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Montenegro: overcoming wartime legacy and strengthening media freedoms remain priorities

Report on visit to Montenegro

Strasbourg 23/06/2014

“Montenegro has an important role in regional efforts to establish the truth about serious human rights violations committed during the wars of the 1990s in the region of former Yugoslavia. However, impunity for wartime crimes and access to adequate reparations for all war victims remain issues that need to be effectively addressed by the authorities” said today Nils Muižnieks, Council of Europe Commissioner for Human Rights, upon release of his report on his visit to Montenegro, carried out from 17 to 20 March 2014.

To this end, the Commissioner recommends developing programmes for systematic professional education and training in international criminal and humanitarian law for prosecutors and judges. At the same time, he urges the authorities to develop, in close consultation with victims, reparation initiatives that go beyond compensation and include victims’ rehabilitation and social inclusion if necessary. The protracted displacement of about 16 500 persons as a result of the wars of the 1990s remains an issue of serious concern. Despite some important positive measures taken to facilitate access to personal identity documents, a significant number of persons, mostly Roma from Kosovo*, still suffer from the lack of regularisation of their legal status. Deep concerns also persist with regard to the situation of about 2 000 displaced persons, mainly Roma, who still live in the Konik camps near Podgorica. “These camps are plagued by substandard living conditions and reinforce the segregation of their inhabitants from society. It is urgent to end these persons’ ghettoisation, by providing them with adequate accommodation and promoting their full inclusion in society”.

Concerning the approximately 4 000 stateless persons or persons at risk of statelessness, the Commissioner calls on the authorities to help them access civil registration and documentation, and to facilitate the registration of children born outside of hospitals.

Welcoming the recent improvement of the legislative framework against discrimination, the Commissioner recommends ensuring a strengthened role for the Ombudsman and paying closer attention to the human rights of Roma, in particular in terms of their access to quality education and employment. He also commends Montenegro for its measures to improve the human rights of LGBTI persons and urges continued efforts in combatting homophobia and transphobia. “The authorities have to effectively investigate all reported cases of violence against LGBTI persons and ensure accountability before the law. Systematic awareness-raising and educational activities in this field should also be promoted.”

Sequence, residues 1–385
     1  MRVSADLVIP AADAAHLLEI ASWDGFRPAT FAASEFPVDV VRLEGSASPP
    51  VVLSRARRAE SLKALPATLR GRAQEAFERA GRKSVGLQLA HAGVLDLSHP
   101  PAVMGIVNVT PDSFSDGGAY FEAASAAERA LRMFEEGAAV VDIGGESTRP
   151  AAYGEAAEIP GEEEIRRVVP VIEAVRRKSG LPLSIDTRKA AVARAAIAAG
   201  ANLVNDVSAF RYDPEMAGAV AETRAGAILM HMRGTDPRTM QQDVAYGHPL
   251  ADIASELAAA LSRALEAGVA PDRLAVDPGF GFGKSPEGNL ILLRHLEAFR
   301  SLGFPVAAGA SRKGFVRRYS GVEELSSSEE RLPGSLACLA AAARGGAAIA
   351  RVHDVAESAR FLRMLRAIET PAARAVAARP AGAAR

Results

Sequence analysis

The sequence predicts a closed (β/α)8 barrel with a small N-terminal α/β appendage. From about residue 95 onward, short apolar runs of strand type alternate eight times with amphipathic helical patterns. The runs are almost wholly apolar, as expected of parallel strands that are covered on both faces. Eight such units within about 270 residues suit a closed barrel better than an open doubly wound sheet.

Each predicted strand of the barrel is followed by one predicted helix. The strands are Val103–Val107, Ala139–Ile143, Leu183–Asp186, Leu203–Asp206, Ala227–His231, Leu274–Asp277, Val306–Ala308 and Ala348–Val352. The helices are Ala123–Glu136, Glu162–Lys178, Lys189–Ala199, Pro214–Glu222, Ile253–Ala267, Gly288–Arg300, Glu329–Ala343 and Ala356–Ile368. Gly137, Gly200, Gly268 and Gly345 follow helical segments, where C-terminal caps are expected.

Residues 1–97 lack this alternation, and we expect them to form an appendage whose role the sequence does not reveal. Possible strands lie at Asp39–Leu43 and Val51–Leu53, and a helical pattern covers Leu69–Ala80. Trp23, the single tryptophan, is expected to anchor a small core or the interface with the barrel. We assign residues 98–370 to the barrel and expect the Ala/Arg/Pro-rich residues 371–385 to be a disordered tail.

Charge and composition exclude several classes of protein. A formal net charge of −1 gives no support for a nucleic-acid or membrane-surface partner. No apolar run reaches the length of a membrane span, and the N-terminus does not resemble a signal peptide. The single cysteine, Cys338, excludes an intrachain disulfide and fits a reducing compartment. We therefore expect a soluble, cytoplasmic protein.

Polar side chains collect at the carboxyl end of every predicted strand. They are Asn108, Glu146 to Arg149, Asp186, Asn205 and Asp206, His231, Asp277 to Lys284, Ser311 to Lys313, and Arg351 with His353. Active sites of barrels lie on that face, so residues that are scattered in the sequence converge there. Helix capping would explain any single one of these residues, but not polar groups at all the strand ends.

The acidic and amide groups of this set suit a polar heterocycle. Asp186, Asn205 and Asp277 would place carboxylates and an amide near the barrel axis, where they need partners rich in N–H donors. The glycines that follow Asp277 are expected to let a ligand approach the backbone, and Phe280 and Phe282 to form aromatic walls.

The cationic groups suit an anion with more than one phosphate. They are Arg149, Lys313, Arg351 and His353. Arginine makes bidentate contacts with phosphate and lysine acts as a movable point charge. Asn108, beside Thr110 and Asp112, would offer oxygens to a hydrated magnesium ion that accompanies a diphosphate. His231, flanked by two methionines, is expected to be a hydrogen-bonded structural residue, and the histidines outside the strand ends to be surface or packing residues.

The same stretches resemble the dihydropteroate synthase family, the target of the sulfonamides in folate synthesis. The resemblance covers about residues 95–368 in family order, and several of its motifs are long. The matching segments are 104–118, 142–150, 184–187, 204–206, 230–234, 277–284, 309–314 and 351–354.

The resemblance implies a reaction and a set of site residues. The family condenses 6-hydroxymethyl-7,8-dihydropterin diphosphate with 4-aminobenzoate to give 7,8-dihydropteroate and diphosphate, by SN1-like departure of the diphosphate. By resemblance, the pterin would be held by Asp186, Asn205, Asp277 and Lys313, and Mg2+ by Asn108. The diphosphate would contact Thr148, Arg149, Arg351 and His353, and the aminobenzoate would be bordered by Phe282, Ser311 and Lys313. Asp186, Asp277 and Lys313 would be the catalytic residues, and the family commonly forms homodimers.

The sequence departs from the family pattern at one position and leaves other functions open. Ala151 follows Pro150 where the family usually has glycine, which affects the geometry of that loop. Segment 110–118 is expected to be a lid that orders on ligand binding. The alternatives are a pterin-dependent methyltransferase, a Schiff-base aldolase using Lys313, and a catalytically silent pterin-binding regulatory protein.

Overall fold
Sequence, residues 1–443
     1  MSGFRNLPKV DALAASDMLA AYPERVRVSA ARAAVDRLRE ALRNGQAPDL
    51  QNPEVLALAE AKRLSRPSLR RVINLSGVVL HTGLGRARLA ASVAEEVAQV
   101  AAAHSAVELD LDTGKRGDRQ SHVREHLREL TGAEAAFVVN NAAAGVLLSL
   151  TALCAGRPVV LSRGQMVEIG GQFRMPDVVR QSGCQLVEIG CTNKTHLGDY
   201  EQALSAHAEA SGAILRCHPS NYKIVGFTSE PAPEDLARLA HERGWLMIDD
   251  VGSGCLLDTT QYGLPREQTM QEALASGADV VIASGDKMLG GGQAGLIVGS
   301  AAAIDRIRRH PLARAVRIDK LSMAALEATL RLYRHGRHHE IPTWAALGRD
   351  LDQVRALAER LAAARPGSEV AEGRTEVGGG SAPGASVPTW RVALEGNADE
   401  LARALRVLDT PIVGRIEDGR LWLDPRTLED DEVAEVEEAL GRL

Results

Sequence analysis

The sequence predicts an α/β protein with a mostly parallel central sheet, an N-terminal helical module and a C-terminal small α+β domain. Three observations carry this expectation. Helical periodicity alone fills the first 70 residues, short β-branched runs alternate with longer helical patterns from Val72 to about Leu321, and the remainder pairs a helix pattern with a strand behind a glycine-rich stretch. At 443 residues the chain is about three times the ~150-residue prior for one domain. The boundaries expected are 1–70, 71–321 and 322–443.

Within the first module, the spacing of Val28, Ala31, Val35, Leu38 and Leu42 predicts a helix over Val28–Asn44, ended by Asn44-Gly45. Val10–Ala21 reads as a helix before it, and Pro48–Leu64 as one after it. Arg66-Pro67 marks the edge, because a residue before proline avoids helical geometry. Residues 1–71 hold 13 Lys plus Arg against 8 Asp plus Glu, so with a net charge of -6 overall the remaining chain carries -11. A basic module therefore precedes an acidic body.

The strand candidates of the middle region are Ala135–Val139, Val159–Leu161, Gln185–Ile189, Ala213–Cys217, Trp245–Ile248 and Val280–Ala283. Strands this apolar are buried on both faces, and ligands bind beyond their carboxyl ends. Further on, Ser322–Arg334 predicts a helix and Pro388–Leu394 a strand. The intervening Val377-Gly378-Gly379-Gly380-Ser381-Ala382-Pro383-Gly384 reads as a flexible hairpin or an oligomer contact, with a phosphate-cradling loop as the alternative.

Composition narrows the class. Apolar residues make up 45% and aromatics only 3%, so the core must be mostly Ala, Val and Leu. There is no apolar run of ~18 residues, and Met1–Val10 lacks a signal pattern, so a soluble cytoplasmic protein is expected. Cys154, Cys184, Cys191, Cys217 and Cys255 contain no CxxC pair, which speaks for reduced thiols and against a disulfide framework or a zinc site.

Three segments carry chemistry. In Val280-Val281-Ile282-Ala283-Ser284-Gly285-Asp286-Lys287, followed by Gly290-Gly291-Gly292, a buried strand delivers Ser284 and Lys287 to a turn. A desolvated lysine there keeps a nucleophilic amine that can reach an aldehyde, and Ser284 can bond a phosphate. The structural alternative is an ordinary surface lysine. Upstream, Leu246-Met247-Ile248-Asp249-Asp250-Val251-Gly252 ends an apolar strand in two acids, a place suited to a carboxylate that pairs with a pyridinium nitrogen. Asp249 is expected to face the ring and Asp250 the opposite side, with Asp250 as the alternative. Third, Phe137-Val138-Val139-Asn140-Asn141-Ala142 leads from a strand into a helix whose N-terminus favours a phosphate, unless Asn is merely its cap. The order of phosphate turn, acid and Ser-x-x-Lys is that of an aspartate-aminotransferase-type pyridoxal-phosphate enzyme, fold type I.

Commending the strengthening of the domestic legislative and institutional framework protecting the human rights of persons with disabilities, Commissioner Muižnieks underscores that “it is now crucial to translate legislation into practice so as to improve the daily lives of persons with disabilities, including as concerns access to the built environment.” He encourages the authorities to step up their efforts to ensure that all children with disabilities are included in mainstream education. The Commissioner calls on Montenegro to move more resolutely towards deinstitutionalised care of persons with disabilities, notably by developing community and alternative solutions such as foster care, community services and individual living. As part of this process, the authorities should initiate a carefully planned and gradual closure of the Komanski Most Institution for Persons with Special Needs.

Lastly, as regards media freedoms, the Commissioner remains worried by the series of acts of violence against journalists which has affected journalists’ freedom of expression. “The authorities have to show zero tolerance to these phenomena, to effectively investigate all cases of threats and physical violence against journalists, and to bring the perpetrators to justice. Moreover, recent inflammatory remarks against journalists expressed by certain leading politicians cannot be tolerated, as they have a chilling effect on the media. At the same time, all media actors in the country should initiate a deeper reflection on how to strengthen  ethical standards in journalism and overcome existing divisions in the media sector, including as regards its self-regulatory bodies”.


* Throughout this text, all references to Kosovo, whether to the territory, institutions or population shall be understood in full compliance with United Nations Security Council Resolution 1244 (1999) and without prejudice to the status of Kosovo.